Not all English translations of the Bible are created equal. Some follow the oldest available manuscript evidence; others follow copies and translations that were written after the 4th century AD. These later versions introduce patriarchal or androcentric language that can make the Bible appear to be sexist. What follows is a comparison of English translations that do or do not contain added sexist language in a number of Old and New Testament passages.
The Good: “God created humanity in God’s own image, in the divine image God created them, male and female God created them.” (Common English Bible)
The Bad: “So God created man in his own image, in the image of God created he him; male and female created he them.” (King James Version)
The Ugly: “So God created man in his own image, in the image of God he created him; male and female he created them.” (English Standard Version)
The Hebrew used here, “ha’adam,” is properly translated “the human being” or “humanity.” It is not a specifically masculine term. This agrees with the Greek Septuagint’s use of “anthropon,” which is also not specifically masculine.
The Good: “the LORD God formed the human from the topsoil of the fertile land and blew life’s breath into his nostrils. The human came to life.” (Common English Bible)
The Bad: “And the LORD God formed man of the dust of the ground, and breathed into his nostrils the breath of life; and man became a living soul.” (King James Version)
The Ugly: “then the LORD God formed the man of dust from the ground and breathed into his nostrils the breath of life, and the man became a living creature.” (English Standard Version)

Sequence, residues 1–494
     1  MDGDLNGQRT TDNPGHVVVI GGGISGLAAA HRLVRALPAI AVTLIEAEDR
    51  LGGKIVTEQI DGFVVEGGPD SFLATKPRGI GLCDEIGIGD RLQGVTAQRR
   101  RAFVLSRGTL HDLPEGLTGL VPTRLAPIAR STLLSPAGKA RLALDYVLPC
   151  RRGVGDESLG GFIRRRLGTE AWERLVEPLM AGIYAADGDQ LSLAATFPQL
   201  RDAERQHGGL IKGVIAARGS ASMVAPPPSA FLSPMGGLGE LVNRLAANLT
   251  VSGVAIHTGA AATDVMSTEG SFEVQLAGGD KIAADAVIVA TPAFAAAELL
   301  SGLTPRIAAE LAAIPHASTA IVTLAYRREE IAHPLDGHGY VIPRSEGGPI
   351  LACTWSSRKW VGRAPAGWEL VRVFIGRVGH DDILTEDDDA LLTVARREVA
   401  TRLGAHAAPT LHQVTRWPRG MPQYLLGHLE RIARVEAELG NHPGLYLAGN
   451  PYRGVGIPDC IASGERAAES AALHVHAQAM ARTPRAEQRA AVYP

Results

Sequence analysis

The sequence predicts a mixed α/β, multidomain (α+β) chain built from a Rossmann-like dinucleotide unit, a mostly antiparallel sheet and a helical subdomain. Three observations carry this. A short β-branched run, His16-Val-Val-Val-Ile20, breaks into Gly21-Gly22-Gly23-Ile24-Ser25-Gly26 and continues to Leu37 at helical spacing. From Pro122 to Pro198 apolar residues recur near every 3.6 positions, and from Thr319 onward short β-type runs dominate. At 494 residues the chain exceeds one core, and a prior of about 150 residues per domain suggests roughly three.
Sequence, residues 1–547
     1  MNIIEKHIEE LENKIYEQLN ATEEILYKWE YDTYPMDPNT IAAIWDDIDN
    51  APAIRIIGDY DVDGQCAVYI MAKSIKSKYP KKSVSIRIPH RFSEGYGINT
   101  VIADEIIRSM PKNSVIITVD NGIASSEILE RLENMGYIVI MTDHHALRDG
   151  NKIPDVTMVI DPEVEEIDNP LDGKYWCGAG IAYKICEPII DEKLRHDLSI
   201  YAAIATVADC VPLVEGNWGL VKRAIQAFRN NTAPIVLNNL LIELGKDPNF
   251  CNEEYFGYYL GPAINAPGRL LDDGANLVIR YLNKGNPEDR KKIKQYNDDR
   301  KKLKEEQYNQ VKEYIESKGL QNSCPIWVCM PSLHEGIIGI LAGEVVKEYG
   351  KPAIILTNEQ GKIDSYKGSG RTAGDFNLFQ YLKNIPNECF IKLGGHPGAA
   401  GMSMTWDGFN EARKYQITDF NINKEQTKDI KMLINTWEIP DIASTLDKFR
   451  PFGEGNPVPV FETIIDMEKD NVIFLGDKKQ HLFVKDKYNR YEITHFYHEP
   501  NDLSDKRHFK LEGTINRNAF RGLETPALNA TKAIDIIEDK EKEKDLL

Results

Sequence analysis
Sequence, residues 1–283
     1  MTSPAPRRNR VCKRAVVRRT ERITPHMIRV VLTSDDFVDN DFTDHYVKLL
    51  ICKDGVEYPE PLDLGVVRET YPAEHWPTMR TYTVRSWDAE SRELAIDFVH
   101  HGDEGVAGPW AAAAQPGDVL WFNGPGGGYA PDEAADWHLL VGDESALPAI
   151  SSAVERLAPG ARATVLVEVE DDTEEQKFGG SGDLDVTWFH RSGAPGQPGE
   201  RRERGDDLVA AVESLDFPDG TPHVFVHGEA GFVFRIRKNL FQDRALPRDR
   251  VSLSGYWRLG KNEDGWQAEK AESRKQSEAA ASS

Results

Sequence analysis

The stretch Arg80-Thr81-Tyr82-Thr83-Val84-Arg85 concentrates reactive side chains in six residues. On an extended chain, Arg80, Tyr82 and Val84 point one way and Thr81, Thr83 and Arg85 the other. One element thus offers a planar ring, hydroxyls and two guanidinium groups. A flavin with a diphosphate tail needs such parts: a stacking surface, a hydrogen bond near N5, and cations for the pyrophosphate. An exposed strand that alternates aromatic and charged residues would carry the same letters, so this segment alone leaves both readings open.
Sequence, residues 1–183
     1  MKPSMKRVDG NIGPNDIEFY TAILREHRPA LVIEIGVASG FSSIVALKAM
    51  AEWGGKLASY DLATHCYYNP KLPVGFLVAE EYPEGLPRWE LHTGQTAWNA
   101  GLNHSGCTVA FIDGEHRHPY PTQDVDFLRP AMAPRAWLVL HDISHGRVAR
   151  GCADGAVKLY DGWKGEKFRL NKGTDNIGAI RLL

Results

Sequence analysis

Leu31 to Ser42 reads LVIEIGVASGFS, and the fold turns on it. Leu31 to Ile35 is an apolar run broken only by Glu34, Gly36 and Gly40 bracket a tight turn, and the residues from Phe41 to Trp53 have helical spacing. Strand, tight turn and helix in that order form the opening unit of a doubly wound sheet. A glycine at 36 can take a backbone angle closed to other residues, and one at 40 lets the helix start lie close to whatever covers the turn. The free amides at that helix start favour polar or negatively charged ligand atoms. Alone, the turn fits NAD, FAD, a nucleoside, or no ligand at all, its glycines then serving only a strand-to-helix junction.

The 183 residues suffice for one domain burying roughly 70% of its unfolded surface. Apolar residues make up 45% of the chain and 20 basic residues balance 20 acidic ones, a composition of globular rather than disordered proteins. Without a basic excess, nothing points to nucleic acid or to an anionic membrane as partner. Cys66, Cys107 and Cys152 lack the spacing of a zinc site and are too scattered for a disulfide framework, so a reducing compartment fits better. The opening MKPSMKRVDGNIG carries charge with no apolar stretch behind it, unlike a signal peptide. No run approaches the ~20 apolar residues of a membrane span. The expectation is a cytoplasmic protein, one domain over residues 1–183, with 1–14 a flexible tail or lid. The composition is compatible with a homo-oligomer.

Once again, older manuscripts use language that is not specifically masculine.
The Good: “As for my people—oppressors strip them and swindlers rule them. My people—your leaders mislead you and confuse your paths.” (Common English Bible)
The Bad: “As for my people, children are their oppressors, and women rule over them. O my people, they which lead thee cause thee to err, and destroy the way of thy paths.” (King James Version)
The Ugly: “My people—infants are their oppressors, and women rule over them. O my people, your guides mislead you and they have swallowed up the course of your paths.” (English Standard Version)
Our oldest available manuscripts (Greek Septuagint, Aramaic Targum Jonathan) use language referring to “creditors, usurers, or swindlers” here, not “women.” “Women” appears in the Latin Vulgate, which was completed in the early 5th century AD.
The Good: “But she became angry with him, went back to her father’s house in Bethlehem, and stayed there four months.” (Good News Translation)
The Bad: “And his concubine was unfaithful to him, and she went away from him to her father’s house at Bethlehem in Judah, and was there some four months.” (English Standard Version)
The Ugly: “And his concubine played the whore against him, and went away from him unto her father’s house to Bethlehemjudah, and was there four whole months.” (King James Version)
The GNT agrees with the Greek Septuagint (2nd-3rd century BC) and the Aramaic Targum of Jonathan (1st century BC), while the KJV and ESV agree with the later Masoretic Text (6th-10th century AD). A 1st century AD commentary written by the Jewish historian Josephus also agrees with the older translations. This commentary said that the woman left her partner due to frequent brawls; it does not describe her as being either “unfaithful” or a “whore.”